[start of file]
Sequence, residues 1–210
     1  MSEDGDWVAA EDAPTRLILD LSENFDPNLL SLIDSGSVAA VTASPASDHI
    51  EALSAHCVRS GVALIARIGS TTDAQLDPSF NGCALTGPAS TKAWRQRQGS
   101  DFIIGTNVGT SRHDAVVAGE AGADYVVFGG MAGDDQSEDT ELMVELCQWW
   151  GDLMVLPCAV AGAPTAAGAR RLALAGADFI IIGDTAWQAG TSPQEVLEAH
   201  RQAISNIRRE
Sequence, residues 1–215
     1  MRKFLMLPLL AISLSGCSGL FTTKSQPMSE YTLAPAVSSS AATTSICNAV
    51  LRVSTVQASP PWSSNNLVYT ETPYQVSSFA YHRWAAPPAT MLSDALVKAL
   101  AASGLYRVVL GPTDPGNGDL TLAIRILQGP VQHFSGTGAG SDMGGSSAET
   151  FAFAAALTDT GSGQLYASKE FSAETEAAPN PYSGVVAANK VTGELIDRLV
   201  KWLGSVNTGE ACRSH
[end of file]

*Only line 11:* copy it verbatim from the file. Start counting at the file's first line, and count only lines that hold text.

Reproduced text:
   151  FAFAAALTDT GSGQLYASKE FSAETEAAPN PYSGVVAANK VTGELIDRLV